In The LAPD Chief Hunt, It's Hard To Ignore Gascon

The Los Angeles Police Commission is keeping the identities of two candidates to replace outgoing department Chief William Bratton a secret. You see, the applicants don't want their out-of-town departments to know they're going for the brass ring.

But that won't prevent us from wondering aloud about the identity of at least one of the would-bes. (The other 11 candidates are all Los Angeles Police Department insiders, including high-profile cops like Valley Commander Michel Moore, detectives Commander Charles L. Beck, Chief of Staff Jim McDonnell, and Assistant Chief Sharon Papa).

In this guessing game, even as Superchief Bratton has encouraged the commission to choose from within the all-star management team he assembled during his tenure at the LAPD, it would be hard to ignore San Francisco Police Chief George Gascon.

His desire and eligibility for the LAPD job has been discounted because he just took the top-cop gig in San Francisco. But Gascon, who spent more than 25 years at the LAPD, including a stint as assistant chief, has never concealed his ambition. He even tried out for chief in 2002, when Bratton won the gig. The San Francisco Chronicle wrote in June, after Gascon accepted the Bay Area job, that "the city may not have him for long. Gascón has been rumored to want the top job in the LAPD."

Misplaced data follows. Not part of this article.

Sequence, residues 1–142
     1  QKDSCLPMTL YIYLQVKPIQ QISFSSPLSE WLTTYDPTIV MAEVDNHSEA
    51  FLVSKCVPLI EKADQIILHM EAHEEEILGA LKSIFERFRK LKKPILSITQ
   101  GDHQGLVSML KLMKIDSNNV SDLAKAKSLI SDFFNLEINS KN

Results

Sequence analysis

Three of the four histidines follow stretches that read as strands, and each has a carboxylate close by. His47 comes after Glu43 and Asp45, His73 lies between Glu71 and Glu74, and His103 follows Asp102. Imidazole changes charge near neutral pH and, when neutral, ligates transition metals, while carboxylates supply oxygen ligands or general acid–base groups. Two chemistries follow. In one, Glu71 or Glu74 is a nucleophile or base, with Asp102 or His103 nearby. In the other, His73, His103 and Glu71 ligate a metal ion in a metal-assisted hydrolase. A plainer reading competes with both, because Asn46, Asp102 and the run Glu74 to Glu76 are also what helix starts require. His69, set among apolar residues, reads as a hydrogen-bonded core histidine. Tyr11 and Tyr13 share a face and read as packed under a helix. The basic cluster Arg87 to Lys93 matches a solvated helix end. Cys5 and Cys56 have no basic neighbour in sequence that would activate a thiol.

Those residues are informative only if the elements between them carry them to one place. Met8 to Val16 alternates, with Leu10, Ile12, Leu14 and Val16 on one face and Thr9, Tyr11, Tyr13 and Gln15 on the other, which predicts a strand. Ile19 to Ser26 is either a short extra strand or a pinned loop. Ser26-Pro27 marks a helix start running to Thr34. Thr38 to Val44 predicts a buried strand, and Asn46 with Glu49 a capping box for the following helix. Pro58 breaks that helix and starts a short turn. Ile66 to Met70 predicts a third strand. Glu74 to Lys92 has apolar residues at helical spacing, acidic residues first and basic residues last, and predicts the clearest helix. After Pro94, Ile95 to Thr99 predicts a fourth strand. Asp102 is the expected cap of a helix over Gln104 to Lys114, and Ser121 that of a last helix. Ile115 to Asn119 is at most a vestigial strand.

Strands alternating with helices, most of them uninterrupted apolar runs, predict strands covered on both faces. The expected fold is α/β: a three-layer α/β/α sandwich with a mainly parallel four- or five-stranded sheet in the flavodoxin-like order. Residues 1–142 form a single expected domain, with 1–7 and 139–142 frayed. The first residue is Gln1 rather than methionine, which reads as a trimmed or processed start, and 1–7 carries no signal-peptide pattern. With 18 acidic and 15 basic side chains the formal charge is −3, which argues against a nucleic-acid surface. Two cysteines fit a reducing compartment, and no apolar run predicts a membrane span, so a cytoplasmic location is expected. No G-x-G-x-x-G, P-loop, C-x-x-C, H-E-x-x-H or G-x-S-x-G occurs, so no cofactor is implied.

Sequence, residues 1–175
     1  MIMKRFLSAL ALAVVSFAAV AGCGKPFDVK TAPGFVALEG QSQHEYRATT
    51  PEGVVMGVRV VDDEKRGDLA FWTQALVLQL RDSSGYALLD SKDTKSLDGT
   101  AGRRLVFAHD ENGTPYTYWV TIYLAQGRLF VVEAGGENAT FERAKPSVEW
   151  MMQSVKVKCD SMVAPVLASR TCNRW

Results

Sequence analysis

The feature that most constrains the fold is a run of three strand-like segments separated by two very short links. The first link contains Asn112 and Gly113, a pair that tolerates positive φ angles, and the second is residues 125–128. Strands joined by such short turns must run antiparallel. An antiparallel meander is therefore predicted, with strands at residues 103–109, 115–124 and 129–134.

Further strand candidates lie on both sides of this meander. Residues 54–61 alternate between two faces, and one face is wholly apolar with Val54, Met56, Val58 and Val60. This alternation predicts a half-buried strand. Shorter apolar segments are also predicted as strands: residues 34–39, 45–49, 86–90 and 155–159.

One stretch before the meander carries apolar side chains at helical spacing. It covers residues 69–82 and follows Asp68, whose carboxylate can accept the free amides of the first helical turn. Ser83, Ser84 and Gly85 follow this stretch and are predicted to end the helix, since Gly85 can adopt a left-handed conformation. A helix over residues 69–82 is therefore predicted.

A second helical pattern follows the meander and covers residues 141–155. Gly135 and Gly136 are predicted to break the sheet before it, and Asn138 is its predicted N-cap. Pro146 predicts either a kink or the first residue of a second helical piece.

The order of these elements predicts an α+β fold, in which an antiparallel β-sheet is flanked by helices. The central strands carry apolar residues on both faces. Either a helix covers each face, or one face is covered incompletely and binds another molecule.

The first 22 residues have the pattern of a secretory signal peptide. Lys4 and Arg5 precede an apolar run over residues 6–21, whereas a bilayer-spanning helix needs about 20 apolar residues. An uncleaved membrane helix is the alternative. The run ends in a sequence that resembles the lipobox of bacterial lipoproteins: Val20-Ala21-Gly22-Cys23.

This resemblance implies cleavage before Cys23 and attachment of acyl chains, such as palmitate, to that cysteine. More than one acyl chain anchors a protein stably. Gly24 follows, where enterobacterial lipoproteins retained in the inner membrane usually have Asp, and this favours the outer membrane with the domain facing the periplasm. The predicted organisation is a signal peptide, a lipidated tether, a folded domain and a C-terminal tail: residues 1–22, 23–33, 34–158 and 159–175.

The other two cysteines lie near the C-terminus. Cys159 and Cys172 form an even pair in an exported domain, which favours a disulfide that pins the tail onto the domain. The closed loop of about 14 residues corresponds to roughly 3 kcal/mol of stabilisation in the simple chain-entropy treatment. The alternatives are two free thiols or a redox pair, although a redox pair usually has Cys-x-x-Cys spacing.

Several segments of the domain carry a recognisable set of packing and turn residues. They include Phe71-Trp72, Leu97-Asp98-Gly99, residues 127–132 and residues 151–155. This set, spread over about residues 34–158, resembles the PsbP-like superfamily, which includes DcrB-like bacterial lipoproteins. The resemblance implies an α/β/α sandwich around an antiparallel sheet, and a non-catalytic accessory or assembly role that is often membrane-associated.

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His career track has been wisely calculated for just that climb: A few years after Bratton took the reigns of the LAPD, and while he was at a respectable number-two position at the department, Gascon moved to Arizona to take over the top cop job in Mesa. He could add a mid-sized city and number-one leadership status to his resume. He needed to run his own show.

In Mesa, Gascon shook up the department and clashed with local redneck Sheriff Joe Arpaio, who allegedly conducted illegal-immigrant sweeps in the city without informing the local law (e.g. Gascon). (Arpaio has denied that he failed to inform Mesa police of his raids). The two have had a contentious relationship since and, after taking the S.F. job in summer Gascon reportedly invited the notoriously anti-immigrant sheriff to come out to the Bay for Italian dinner with him. The invite was in Spanish.

Gascon was born in Cuba, and that puts another point in his favor: He would become the LAPD's first Latino chief in a city where Latinos make up nearly half the population. Bratton worked hard to make the LAPD reflective of its community, and the department is now majority minority. A Gascon appointment would put an exclamation point on the effort.

Gascon earned the respect of the Mesa force and is already adding Bratton-style management practices, including crime-statistics-based enforcement, to the SFPD repertoire. Bratton, whose opinion seems to hold a lot of weight in the matter, is a fan.

He told the Chronicle, "I've worked in this business for 40 years, and he's one of the best there is."


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